bacchic Markantonatos, Brill's Companion to Euripides (2015) 852
bacchus, bacchius Bernabe et al., Redefining Dionysos (2013) 360
cadmus Xanthaki-Karamanou, 'Dionysiac' Dialogues: Euripides' 'Bacchae', Aeschylus and 'Christus Patiens' (2022) 8, 92, 178, 180
calendar Bernabe et al., Redefining Dionysos (2013) 64
captivity/imprisonment/enslavement Xanthaki-Karamanou, 'Dionysiac' Dialogues: Euripides' 'Bacchae', Aeschylus and 'Christus Patiens' (2022) 8
caryatids Bernabe et al., Redefining Dionysos (2013) 291
cave, corycian Bernabe et al., Redefining Dionysos (2013) 291
cave Bernabe et al., Redefining Dionysos (2013) 291
characters, minor Markantonatos, Brill's Companion to Euripides (2015) 925
charlatans Edmonds, Drawing Down the Moon: Magic in the Ancient Greco-Roman World (2019) 231
chorus χορός, choral Bernabe et al., Redefining Dionysos (2013) 360
classical Bernabe et al., Redefining Dionysos (2013) 291
column of the dancers Bernabe et al., Redefining Dionysos (2013) 291
comedy Edmonds, Drawing Down the Moon: Magic in the Ancient Greco-Roman World (2019) 231
concepts/values/beliefs Xanthaki-Karamanou, 'Dionysiac' Dialogues: Euripides' 'Bacchae', Aeschylus and 'Christus Patiens' (2022) 174, 178, 180
context/environment/milieu, socio-cultural, ideological Xanthaki-Karamanou, 'Dionysiac' Dialogues: Euripides' 'Bacchae', Aeschylus and 'Christus Patiens' (2022) 174
corycia, corycian Bernabe et al., Redefining Dionysos (2013) 291
cult-establishment/foundation Xanthaki-Karamanou, 'Dionysiac' Dialogues: Euripides' 'Bacchae', Aeschylus and 'Christus Patiens' (2022) 180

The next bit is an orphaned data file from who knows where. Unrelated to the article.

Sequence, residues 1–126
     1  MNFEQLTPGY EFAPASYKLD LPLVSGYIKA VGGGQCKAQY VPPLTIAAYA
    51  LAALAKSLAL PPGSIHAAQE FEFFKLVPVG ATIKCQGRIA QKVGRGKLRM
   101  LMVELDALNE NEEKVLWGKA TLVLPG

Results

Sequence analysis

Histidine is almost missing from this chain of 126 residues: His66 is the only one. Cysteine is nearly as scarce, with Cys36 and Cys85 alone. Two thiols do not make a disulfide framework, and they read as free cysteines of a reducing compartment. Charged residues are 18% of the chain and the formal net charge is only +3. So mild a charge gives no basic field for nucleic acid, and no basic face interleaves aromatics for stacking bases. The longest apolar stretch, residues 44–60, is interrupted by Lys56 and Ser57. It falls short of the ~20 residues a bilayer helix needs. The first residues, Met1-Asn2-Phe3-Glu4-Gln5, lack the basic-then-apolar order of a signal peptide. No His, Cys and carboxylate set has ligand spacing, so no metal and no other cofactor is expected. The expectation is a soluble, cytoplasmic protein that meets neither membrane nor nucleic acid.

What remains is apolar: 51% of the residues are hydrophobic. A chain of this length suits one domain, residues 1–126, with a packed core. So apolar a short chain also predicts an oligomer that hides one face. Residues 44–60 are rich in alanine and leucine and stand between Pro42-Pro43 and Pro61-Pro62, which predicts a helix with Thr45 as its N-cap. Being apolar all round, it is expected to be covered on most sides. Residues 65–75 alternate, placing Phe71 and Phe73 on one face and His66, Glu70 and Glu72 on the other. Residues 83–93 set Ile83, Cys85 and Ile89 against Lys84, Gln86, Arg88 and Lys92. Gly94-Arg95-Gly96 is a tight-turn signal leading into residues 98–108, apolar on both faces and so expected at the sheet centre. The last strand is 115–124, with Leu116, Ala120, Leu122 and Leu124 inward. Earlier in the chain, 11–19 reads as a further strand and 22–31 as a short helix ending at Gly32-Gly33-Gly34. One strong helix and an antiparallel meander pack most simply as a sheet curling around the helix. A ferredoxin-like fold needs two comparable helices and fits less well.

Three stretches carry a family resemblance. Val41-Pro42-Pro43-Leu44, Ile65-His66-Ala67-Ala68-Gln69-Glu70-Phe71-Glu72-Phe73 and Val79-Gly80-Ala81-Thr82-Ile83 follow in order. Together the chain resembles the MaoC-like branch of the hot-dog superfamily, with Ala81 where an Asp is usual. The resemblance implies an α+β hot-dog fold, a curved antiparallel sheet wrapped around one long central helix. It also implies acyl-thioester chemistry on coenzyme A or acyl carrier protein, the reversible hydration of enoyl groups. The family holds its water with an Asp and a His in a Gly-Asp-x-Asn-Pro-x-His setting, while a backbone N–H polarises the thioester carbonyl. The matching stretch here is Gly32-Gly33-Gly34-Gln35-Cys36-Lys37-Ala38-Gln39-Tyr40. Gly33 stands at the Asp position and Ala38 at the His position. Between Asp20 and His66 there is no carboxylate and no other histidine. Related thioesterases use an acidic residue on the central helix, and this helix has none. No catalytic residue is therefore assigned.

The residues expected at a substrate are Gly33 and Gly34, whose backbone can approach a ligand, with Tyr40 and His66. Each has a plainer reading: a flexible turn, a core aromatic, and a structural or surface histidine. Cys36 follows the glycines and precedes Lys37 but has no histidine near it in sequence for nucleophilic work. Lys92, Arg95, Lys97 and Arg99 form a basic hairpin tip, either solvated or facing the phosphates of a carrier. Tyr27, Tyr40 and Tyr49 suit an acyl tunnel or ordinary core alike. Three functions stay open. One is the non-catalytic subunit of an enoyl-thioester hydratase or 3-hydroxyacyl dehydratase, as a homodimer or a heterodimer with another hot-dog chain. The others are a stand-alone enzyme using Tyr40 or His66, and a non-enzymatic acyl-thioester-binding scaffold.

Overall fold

cult/ritual/worship Xanthaki-Karamanou, 'Dionysiac' Dialogues: Euripides' 'Bacchae', Aeschylus and 'Christus Patiens' (2022) 8, 31, 92, 174, 175, 178, 180
cyclops Markantonatos, Brill's Companion to Euripides (2015) 587, 852
dadaphorios month Bernabe et al., Redefining Dionysos (2013) 291
dance, dancing, ecstatic, frenzied, maenadic, orgiastic Bernabe et al., Redefining Dionysos (2013) 291
delphi, delphian, delphic Bernabe et al., Redefining Dionysos (2013) 64, 291
demeter Bernabe et al., Redefining Dionysos (2013) 360
demosthenes Jeong, Pauline Baptism among the Mysteries: Ritual Messages and the Promise of Initiation (2023) 79
derveni author Alvarez, The Derveni Papyrus: Unearthing Ancient Mysteries (2018) 134
derveni poem Alvarez, The Derveni Papyrus: Unearthing Ancient Mysteries (2018) 134
diodorus siculus Xanthaki-Karamanou, 'Dionysiac' Dialogues: Euripides' 'Bacchae', Aeschylus and 'Christus Patiens' (2022) 8
dionysism Bernabe et al., Redefining Dionysos (2013) 64
dionyso(u)s Markantonatos, Brill's Companion to Euripides (2015) 852, 925
dionysos, arrival Bernabe et al., Redefining Dionysos (2013) 291
dionysos, awakening Bernabe et al., Redefining Dionysos (2013) 360
dionysos, dionysos bromios Bernabe et al., Redefining Dionysos (2013) 360
dionysos, dionysos liknites Bernabe et al., Redefining Dionysos (2013) 64, 291
dionysos, epiphany Bernabe et al., Redefining Dionysos (2013) 291, 360
dionysos, miracles Bernabe et al., Redefining Dionysos (2013) 360
dionysos, tomb Bernabe et al., Redefining Dionysos (2013) 64